Scotch eggs - let's go round again
It’s the snack that taste forgot – cheap and often downright nasty. But the scotch egg is back, and it’s gracing some of the country’s finest tables. Samuel Muston discovers that the meaty morsel has had a Michelin-style makeover
Tuesday 22 February 2011
It has been rumbling for a while, a threatened return to fashionability of amost unfashionable food. Now with the arrival of two hot new restaurants on the London scene heralding this snack, and swanky food shops putting them front and centre, it is very much flavour of the month.
Yes, the scotch egg is back and it’s bigger, better and cleverer than before. Once the preserve of clammy school lunchboxes and motorway service stations, the snack has moved upmarket in recent years. Heston Blumenthal serves a warm quail egg version at his gastro-pub The Hinds Head in Bray, Claude Bosi makes them out of duck eggs at his newly opened Wimbledon gastropub, The Fox & Grapes, and Tom Kerridge, winner of the Great British Menu, makes his award-winning scotch eggs out of pureed crayfish. In fact, it seems that no self-consciously British restaurant is complete without one at the top of the menu.
“I remember being given one as a child and just nibbling off the meat and looking at the egg inside and thinking: ‘err, no thanks’,” says Kerridge, who serves them at his Michelin-starred restaurant The Hand & Flowers in Marlow, “but they are a good, traditional English product – it’s just a matter of taking them forward and lavishing a bit of attention on them.”
The snack’s rise can, in part, be put down to an increased confidence in traditional British gastronomy. No longer do we think of our cuisine seen as the poor relation of more celebrated continental relatives – chefs are increasingly looking to British history books for inspiration, rather than across the channel. Just take a look at Blumenthal’s menu at Dinner at the Mandarin Oriental which features dishes drawn from centuriesold cookbooks.
Jessica Gunn, features editor of the BBC’s Olive magazine, was one of the first to spot the scotch egg’s part in the revival, and included it in the magazine’s list of what’s cool for 2011. “It is definitely part of the British food renaissance. The notion of a scotch egg as a stale snack you pick up from a petrol station has begun to fade,” she says. “It’s been pimped up and has returned to its roots as a high-end snack.”
Yes, its roots. Created in 1738 by William Fortnum for his eponymous Piccadilly shop, it was first sold as an aristocratic “snack in a hanky,” according to Fortnum’s archivist Dr Andrea Tanner. Although the central London shop is now surrounded by boutiques and five-star hotels, in the 18th century the area was less salubrious and the store stood cheek-by-jowl with two coaching inns. The White Horse and Grey Hound were the starting point of most journeys to country estates in the south of England. “Imagine going in an unsprung, unheated carriage on an urgent journey to your estate in Cornwall. You wouldn’t want to keep stopping at coaching inns full of country bumpkins on the way, you’d want something tasty and hassle-free to eat as you were going. William Fortnum, a former royal footman, spotted this gap in the market and filled it with his egg in a meat jacket,” says Tanner. Then she explodes the common myth about the snack: “It has absolutely nothing to do with Scotland whatsoever. Scotch is just a corruption of the word scotched, meaning processed.”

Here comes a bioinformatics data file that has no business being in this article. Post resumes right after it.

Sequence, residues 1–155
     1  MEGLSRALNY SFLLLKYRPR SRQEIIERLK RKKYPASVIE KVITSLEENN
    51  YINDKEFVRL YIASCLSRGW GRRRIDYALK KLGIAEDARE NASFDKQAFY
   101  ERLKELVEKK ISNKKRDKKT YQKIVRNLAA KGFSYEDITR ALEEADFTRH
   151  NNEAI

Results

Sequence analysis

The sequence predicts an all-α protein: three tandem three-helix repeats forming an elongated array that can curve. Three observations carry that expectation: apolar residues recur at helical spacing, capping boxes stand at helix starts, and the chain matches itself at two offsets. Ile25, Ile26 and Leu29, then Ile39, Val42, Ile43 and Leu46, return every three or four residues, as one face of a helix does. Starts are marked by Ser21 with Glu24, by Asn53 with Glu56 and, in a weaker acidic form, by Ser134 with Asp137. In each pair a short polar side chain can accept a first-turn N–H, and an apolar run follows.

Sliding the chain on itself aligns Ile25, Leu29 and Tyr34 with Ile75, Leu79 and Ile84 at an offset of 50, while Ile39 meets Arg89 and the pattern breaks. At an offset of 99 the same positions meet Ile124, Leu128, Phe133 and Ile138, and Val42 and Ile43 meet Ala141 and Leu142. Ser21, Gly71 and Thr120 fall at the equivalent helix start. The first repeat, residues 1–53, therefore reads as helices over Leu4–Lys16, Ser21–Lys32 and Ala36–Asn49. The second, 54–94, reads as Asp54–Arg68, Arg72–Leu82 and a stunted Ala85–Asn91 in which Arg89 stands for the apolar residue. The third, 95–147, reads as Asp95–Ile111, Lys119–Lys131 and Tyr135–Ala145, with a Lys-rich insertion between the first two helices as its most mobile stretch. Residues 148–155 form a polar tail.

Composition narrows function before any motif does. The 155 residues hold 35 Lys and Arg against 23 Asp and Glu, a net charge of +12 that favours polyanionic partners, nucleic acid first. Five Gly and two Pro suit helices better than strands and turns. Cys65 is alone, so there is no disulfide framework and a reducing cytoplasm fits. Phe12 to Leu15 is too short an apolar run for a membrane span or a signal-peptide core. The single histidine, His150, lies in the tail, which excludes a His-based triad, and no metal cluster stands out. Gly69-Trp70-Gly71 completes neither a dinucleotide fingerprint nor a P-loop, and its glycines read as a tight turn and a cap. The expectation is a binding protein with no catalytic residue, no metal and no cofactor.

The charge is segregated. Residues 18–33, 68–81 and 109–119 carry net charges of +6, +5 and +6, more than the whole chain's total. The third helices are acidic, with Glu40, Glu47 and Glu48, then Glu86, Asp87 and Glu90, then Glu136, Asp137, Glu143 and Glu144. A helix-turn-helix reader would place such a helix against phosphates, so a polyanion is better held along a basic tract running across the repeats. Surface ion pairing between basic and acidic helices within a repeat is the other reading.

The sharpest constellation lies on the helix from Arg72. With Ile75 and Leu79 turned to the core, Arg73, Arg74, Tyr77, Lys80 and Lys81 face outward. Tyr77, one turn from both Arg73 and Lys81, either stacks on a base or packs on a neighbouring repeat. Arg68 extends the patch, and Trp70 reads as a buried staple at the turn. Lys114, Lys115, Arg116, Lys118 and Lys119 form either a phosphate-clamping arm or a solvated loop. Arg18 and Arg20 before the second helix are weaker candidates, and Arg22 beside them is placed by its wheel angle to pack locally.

By the latter decades of the 20th Century the aristo’s snackette had plummeted to almost terminal unfashionability. The only place to find it seemed to be in the lunchboxes of unfortunate children. Mass production cooking, the use of cheap off-cuts of meat, battery-farmed hens’ eggs and a general lack of love saw it fall to the status of national laughing stock. When Ricky Gervais wrote The Office he made the snack the trademark of the dull-as-dishwater character Keith Bishop. And the delusional, perennially dull Alan Partridge habitually bought them from his local BP petrol station.
Things slowly, surely started to change about five years ago, when Marks & Spencer started selling mini picnic eggs. A quarter of the size of the fist-like traditional variety and with a minced egg inside, they were an instant hit. “They were bang on the trend for snacking and really flew off the shelves,” says M&S product developer Julia Bradbury.
It was only a matter of time before chefs, always on the search for the new talking-point menu, alighted on the humble scotch egg. Restaurant watchers now feel it is reaching ubiquity and are already moving on to chicken kievs.
But the rest of us are still in love with the eggy treat. This year, Marks & Spencer says that year-on-year sales have gone up 40 per cent. And gourmet delis, such as Terence Conran’s Albion Caff in East London, report booming demand.
And if Fortnum & Mason’s new Easter range is anything to go by, they’re not going anywhere. From 22 April, if you have a spare £75, you can pop down to the shop and pick up a scotch egg with a twist: the 20kg beast is made from a full ostrich egg. Try fitting that in a hanky.
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